City.Risks is a 3-year project funded by the H2020 programme.
The project started in May 2015 and its main objective is to increase the perception of security of citizens in urban areas by activating in a more transparent and sustainable way their participation in communities, through which information and interventions can be provided both to proactively protect citizens from falling victims to criminal activities as well as to reactively provide more timely and effective response and assistance. In order to do so, the City.Risks project will leverage a set of innovative technologies, city infrastructures, and available data sources but, more importantly, will aim at making citizens’ smartphones the modern tool for increasing their personal and collective sense of security.
Recently, City.Risks has been analyzing factors influencing the fear of crime from the citizens’ perspective. The task aimed to gain greater insight into and a better understanding of the multiple macro- and micro-level factors that influence citizens’ perceptions and experiences of crime and the criminal justice system in their local area. Further, the task set out to investigate the readiness of citizens to adopt new technologies which are designed to address fears, perceptions and experiences of crime in the city. Existing information on levels and experiences of crime were collected and reviewed and surveys of citizens who live and/or work in three European cities (The London Borough of Waltham Forest, UK; Sofia, Bulgaria; and Rome, Italy) were undertaken. A total of 22,632 questionnaires were successfully completed across the three pilot sites. In conclusion, the survey findings show that there is an appetite among citizens in the three European cities to engage with technologies aimed at mitigating risks. Our findings provide support for the development of an app that allows users to report a crime they have witnessed or have been victim to, with speed, ease and one that yields a satisfactory response from the police. In developing a technological solution, the police and other criminal justice agencies need to be both central to its development but also, its operation. Most of those surveyed have lived and/or worked in the area for 10 years or over and utilising their local knowledge and experiences would be valuable to the technological project. Greater, targeted consultation and delivered using a variety of methods is pivotal to the development of a technological app. Across the three sites, the fear of becoming a victim of crime was quite high. An app that provides accurate and ‘live’ information about crime and other incidents in local areas has the potential to reduce the fear of crime among citizens.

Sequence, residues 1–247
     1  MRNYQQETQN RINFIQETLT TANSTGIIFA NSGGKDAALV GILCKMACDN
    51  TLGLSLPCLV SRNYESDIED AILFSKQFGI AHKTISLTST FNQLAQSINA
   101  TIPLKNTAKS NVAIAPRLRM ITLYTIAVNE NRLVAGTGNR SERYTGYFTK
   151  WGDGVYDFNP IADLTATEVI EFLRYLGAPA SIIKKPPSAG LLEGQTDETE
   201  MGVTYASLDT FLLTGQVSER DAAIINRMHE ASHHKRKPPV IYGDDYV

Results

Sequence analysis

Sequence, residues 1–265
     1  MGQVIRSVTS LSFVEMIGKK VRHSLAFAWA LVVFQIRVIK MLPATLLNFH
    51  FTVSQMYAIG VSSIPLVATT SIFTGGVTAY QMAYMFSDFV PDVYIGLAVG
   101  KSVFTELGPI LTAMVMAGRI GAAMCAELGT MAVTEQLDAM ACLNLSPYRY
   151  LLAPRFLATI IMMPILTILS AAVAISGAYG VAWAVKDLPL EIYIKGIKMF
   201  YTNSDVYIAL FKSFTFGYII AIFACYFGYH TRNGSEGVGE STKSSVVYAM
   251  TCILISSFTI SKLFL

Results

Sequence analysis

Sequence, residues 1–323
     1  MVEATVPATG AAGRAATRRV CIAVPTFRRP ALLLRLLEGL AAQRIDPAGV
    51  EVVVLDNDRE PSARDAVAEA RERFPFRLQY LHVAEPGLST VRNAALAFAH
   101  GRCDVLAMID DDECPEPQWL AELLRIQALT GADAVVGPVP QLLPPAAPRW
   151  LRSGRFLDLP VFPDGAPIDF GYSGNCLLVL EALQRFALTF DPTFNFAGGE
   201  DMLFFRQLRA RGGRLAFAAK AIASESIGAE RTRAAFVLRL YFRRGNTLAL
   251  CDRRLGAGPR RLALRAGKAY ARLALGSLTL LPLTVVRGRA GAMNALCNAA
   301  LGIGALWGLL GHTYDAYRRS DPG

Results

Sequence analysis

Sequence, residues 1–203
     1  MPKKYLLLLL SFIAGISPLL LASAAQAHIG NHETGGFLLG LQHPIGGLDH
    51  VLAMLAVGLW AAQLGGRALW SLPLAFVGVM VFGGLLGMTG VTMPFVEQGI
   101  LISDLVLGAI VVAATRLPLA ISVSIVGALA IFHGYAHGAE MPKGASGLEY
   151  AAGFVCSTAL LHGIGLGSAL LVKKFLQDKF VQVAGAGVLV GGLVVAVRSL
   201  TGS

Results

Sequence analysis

City.Risks is also designing and implementing a mobile app to empower citizens to interact with authorities for criminality prevention, detection and evidence gathering and risk reporting (citizen as reporter). Community-based functions are one of the major cornerstones of the City.Risks mobile app. Currently, new functionality is integrated that enables users to ask whether somebody witnessed a crime. Community members that could have witnessed the incident, are notified and can directly contact the requesting user. The City.Risks app interacts with the RMRS (incident reporting) system featuring incident management, automatic alerting and decision management for operation center. Once the user has sent a report through the app (text and media), the system will translate the report to associate it with a given risk category, will decide whether it is worth publishing, will update it on the basis of new incoming reports and eventually will make it accessible to the City.Risks user community.